The Carson-Newman evolution lesson B comes complete with a teacher information package, a set of student worksheets, and a set of answers to the thirteen questions found on the student worksheets. Of course, all of these pages can be printed directly from Lesson B as found on ENSIweb. Normally, the teacher would print the student worksheets and answer sheets and hand them out to the students, but the students would probably not see the teacher information package. As one would expect, the teacher information package is a resource that contains additional information calculated to assist the teacher in presenting the lesson as outlined on the student worksheets. In this instance, the teacher information package for evolution lesson B also contains statements obviously intended to prompt the teacher to go beyond the student worksheets in pushing the agenda of atheistic evolutionists who reject and oppose the concept of intelligent design. While intelligent design is never mentioned on the student worksheets and answer sheets, the teacher information package contains these two statements: "The existence of pseudogenes in genomes weighs heavily against the intelligent design idea" and "...strong evidence for shared common ancestry (descent with modification), a natural process of macroevolution versus the more mysterious, vague, untestable 'intelligent design' scenario." It is obvious that these two Carson-Newman biology professors who wrote this teacher information package hold nothing but contempt for the concept of intelligent design, and would like for those teachers who use these evolution lesson plans to convey this same contempt for intelligent design to their high school students.
The student worksheets for Carson-Newman evolution lesson B provide certain alignment details for the portion of the rat gene examined in lesson A that was associated with production of vitamin C. Alignment details are also presented for the corresponding pseudogenes ("non-functional junk" DNA) from the human genome and from the genomes of three primate species: chimpanzee, orangutan, and crab-eating macaque (a monkey native to south-east Asia). These alignment details are provided to permit students to observe certain similarities between these four pseudogenes and the rat gene. Next, students are instructed to examine the pattern of similarities and differences just among these four pseudogenes. This evolution lesson plan is designed to call attention to the pattern of similarities and differences among these four pseudogenes to suggest to these high school students that humans are more closely related to chimpanzees and orangutans than they are to monkeys, and also to suggest that apes and humans continued to evolve independently from monkeys after their split from a common ancestor.
After students have completed these comparisons involving the rat gene introduced from lesson A for vitamin C and these observations of similarities and differences among the pseudogenes for humans and primates, the worksheets for Carson-Newman evolution lesson B then redirect the lesson to another portion of the genome of humans and primates, a portion associated with hemoglobin, which was not covered in lesson A. This redirection causes students to divert their thought processes away from the discussion of rats and vitamin C, so that they focus more directly on concepts of evolution that these Carson-Newman faculty members had in mind when they submitted this series of evolution lessons. That is, they desire to refocus the lesson on certain genetic similarities that they believe will be even more persuasive to high school students as evidence for the common ancestry of humans and primates.
Let us examine several of the specific questions from the student worksheets that are clearly worded to prompt young students to begin to think about the answers from the viewpoint of an evolutionist. "How would an evolutionary biologist explain the similarities between the pseudogenes and the rat gene?" "How would an evolutionary biologist explain the pattern of similarities among the pseudogenes?" "How would an evolutionary biologist explain the differences among the pseudogenes?" "How would an evolutionary biologist explain the similarities between the human pseudogene and the functional human gene?" "Why is the shared deletion an especially strong indication of common ancestry?" We might wish to ask our own question here: Is there any possibility that these two professors who wrote these questions might consider themselves to be evolutionary biologists who teach common ancestry?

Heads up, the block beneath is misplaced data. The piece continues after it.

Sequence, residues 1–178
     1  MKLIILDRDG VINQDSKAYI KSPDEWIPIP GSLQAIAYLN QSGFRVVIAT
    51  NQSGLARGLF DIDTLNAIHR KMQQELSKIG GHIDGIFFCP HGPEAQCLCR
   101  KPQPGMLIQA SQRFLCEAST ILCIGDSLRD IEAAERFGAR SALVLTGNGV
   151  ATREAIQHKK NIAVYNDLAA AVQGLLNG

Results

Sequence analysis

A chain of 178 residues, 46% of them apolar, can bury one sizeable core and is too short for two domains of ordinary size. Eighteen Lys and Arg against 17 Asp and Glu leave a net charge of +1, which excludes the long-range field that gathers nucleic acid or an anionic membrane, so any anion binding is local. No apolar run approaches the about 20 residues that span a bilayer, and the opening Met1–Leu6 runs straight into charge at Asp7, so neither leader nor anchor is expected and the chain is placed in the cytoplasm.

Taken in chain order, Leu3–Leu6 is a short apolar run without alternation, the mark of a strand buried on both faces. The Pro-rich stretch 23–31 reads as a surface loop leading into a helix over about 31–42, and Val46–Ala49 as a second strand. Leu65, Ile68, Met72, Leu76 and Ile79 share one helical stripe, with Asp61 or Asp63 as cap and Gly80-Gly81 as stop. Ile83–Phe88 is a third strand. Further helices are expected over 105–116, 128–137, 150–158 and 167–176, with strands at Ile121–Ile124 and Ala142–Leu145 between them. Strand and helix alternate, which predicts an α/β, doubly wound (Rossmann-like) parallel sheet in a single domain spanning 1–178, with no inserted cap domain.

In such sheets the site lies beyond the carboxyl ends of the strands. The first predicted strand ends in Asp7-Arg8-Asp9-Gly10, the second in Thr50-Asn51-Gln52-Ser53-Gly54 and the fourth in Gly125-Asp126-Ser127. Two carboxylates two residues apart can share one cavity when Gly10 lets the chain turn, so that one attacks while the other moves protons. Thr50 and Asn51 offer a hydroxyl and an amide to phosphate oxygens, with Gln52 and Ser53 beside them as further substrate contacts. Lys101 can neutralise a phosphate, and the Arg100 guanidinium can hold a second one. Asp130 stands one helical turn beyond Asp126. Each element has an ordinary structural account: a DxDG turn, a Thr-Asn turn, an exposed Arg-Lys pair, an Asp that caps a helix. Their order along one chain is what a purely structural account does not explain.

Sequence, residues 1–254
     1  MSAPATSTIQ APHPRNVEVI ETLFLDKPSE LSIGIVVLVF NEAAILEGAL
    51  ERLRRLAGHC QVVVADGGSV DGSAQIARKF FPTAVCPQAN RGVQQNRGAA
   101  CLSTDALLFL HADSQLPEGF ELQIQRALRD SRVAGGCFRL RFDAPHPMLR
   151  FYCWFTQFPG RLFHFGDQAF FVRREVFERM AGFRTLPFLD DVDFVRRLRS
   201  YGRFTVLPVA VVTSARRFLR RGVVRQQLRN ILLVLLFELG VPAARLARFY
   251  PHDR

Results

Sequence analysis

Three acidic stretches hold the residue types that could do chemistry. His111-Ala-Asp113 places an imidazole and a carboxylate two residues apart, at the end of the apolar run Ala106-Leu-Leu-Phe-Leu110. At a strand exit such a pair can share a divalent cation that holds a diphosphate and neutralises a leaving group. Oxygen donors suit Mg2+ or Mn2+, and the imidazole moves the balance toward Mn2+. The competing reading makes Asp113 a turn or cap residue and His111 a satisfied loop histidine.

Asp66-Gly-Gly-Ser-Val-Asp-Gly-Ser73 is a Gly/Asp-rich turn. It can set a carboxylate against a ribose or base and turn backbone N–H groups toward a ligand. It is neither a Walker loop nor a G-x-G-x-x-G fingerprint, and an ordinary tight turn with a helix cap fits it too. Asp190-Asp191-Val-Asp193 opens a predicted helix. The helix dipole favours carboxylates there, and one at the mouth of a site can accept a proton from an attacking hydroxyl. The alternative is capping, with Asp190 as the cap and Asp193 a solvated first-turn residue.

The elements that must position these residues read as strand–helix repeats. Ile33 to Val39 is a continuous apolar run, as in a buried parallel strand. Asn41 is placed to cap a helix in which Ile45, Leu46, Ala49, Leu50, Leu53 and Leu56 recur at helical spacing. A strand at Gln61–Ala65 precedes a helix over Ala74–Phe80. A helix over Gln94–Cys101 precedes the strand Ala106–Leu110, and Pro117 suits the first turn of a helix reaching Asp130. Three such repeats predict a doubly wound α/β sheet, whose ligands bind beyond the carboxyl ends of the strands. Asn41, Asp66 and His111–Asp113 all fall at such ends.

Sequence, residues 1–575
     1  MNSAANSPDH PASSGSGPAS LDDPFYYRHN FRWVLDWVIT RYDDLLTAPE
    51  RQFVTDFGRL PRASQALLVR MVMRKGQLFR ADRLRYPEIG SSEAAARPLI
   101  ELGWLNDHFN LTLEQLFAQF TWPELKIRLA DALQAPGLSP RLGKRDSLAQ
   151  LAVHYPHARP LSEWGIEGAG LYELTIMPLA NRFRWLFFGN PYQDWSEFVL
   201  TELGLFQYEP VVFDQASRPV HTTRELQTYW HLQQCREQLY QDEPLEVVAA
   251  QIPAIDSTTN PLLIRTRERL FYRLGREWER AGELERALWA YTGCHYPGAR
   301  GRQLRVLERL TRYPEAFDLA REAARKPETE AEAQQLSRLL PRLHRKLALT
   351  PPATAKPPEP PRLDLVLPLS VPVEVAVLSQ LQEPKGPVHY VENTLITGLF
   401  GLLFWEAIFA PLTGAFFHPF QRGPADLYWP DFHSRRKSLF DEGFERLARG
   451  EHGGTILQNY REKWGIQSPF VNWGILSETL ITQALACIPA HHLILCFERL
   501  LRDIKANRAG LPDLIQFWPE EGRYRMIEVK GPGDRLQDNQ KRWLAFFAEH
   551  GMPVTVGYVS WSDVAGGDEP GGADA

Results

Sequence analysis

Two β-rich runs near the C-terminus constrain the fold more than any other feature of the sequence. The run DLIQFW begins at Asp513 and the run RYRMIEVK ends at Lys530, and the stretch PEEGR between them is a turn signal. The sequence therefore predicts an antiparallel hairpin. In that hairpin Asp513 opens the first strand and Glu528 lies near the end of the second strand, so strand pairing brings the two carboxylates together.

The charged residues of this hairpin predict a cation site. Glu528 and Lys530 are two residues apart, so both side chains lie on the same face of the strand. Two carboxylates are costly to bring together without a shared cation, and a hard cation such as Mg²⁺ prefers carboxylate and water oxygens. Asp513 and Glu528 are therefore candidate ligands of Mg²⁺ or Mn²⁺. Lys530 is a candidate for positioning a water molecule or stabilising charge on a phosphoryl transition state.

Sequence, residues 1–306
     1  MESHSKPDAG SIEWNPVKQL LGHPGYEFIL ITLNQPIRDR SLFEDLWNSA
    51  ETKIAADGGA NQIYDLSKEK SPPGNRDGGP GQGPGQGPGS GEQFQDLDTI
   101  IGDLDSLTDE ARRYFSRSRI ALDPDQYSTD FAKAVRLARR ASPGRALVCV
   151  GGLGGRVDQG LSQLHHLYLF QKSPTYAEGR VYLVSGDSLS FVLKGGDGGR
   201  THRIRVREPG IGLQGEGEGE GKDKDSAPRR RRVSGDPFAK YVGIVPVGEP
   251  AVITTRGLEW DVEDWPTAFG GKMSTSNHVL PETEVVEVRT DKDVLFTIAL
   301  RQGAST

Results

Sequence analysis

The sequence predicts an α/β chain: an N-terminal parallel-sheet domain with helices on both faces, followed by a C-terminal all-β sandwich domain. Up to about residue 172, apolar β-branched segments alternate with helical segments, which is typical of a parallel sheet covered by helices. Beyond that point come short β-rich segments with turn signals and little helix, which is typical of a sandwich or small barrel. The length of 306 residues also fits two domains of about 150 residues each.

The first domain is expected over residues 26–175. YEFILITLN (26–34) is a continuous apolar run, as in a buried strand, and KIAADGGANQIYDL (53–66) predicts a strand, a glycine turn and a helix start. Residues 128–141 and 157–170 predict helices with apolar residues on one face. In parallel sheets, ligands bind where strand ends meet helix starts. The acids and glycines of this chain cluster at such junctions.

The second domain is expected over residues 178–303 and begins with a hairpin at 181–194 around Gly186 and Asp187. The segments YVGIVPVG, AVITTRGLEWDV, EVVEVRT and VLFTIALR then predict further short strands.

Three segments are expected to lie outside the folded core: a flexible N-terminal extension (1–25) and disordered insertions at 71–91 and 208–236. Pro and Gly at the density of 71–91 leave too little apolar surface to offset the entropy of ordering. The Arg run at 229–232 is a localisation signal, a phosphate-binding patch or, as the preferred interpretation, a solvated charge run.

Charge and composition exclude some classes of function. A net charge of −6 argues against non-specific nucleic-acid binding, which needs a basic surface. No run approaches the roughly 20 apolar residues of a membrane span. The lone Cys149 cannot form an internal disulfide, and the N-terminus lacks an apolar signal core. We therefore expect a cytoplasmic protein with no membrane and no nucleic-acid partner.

An examination of the answers to these same worksheet questions as included on the student answer sheets also provides clear evidence that the intent of evolution lesson B was to inculcate the minds of young high school students with the ides of common ancestry for humans and primates. Here are some of the exact answers provided for specific questions: "Apes and humans are more closely related to each other (by a more recent common ancestry) than to macaques." "Apes and humans continued to evolve independently from macaques after their split from a common ancestor." "All differences from the human beta are the same differences! This strongly suggests a fairly recent common ancestry of humans and apes." "There are NO differences in this sequence, therefore further confirming a recent common ancestry of apes and humans. Any differences would be interpreted as possibly being due to mutations that occurred since the species split." "A specific deletion, at a specific site, is extremely unlikely to happen, and then persist, by pure chance. This is especially strong evidence for commn ancestry."
As we read in sequence these questions and answers provided to high school teachers and students as an integral part of Carson-Newman evolution lesson B, we are impressed by the leading nature of the questions and the progressive certainty of the verbs used in the answers. There can be no doubt that the intent of these two biology professors who submitted this evolution lesson to ENSI was to promote atheistic evolutionary thinking and the concept of common ancestry for humans and apes in the minds of every teacher and student who would be exposed to this lesson.
For later reference in a future blog post, we will simply note here that it is totally irresponsible for any Carson-Newman administration official to even suggest that those questions and answers found on the worksheets for Carson-Newman evolution lesson B were not formulated in a manner intended to advance the viewpoint of atheistic evolution and common ancestry for humans and apes in the minds of high school teachers and students who would probably never set foot on the campus of this college that happens to be supported by the tithes and offerings of Tennessee Baptists.